Journalcalling #14 – Rules to Live By?
Journalcalling • May 25, 2021
y mom recently moved into an apartment in a senior housing facility, and we were not prepared for the grip of the rules. She signed up for the “Independent Living” option advertised in the brochure and the sign out front. But once there, it did not appear that really existed.
Although she was fully vaccinated, had a negative Covid test and as requested, submitted her vital signs before moving in, nurses were knocking on her door and sometimes letting themselves in two and three times a day to check her temperature and oxygen level and conduct other screenings. One did a TB test and then there was a memory test. “I feel like I’m under surveillance,” my mom said.
A memory test? What was happening here? My mom shows no signs of cognitive decline.
Is this how they shuffled people off to their high-priced memory unit? The nurse recited three words: apple, penny, cable, and my mom was able to recall them after she counted backwards from 100 by 7s. Phew. This test would be conducted every six months, the nurse said. Huh.
A day or two later, a nurse arrived for an unscheduled physical therapy screening, saying it had been ordered by the in-house doctor who had given my mom a physical. After running her through the motions, she admitted she wasn’t sure why she had been sent. “You’re in great shape,” she told my mom.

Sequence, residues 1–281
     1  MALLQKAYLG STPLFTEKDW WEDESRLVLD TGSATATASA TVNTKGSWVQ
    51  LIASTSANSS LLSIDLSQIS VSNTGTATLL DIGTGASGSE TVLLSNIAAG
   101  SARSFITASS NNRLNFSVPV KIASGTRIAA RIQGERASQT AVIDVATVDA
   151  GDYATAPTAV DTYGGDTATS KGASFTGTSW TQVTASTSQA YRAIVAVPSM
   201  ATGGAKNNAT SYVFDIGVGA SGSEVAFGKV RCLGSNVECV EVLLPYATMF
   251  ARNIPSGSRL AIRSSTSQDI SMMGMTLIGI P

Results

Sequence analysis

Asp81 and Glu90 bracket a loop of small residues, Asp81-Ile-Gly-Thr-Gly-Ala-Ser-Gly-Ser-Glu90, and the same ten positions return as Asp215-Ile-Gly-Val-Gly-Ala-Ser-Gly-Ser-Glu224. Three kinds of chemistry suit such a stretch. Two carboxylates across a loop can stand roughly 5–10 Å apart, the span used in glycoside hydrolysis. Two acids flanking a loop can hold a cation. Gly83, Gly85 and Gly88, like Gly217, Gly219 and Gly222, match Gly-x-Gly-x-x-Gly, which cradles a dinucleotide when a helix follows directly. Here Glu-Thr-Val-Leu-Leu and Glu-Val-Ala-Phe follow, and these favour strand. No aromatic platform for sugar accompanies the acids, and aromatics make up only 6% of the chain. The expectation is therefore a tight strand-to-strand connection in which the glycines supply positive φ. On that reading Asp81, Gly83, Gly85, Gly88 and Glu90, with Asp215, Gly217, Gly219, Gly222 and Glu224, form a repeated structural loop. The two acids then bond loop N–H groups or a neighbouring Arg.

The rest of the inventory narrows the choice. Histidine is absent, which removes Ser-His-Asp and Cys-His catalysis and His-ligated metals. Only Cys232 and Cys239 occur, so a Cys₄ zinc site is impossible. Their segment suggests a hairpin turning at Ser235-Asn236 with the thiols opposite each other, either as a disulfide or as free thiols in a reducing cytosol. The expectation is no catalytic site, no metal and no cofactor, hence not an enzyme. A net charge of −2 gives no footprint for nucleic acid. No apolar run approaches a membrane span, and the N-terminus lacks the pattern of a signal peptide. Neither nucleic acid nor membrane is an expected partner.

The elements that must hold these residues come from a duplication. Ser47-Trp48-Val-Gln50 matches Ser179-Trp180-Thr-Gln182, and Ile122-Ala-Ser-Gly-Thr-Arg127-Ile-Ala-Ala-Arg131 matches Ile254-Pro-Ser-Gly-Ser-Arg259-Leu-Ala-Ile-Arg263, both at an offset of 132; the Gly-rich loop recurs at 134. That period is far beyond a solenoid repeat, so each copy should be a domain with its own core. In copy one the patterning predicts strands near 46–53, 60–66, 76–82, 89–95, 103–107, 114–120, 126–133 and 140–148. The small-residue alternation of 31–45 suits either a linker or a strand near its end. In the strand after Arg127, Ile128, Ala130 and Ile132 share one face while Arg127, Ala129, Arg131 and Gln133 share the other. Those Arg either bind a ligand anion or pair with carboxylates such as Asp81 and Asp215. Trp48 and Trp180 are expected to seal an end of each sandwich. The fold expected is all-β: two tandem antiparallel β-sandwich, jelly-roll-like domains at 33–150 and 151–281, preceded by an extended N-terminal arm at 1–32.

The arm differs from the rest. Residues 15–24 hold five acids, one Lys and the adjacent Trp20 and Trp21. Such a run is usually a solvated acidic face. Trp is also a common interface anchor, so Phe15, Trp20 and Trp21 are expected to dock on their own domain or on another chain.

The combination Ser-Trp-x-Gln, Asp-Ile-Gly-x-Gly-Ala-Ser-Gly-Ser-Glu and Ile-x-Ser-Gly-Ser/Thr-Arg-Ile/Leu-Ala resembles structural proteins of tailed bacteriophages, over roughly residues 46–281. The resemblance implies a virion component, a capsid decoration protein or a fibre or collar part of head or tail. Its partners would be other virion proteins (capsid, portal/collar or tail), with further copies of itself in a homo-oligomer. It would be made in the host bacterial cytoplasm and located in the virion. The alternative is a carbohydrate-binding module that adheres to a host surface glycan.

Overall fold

My brother and I were allowed to help her move in on May 7th but were asked to stay in her apartment and not go in and out. Late in the afternoon, we took a break from unpacking the 70+ boxes and went out to get lunch. When we returned and got out of the car, we were surprised to see my mom calling out to us from her second floor window. “You can’t come back in,” she said. “They lock the doors at 5.”
She told us to wait and marched around the three connected buildings that house about 100 elderly residents until she found someone to help. A sympathetic nurse soon motioned us in a side door and told us to quietly leave the same way.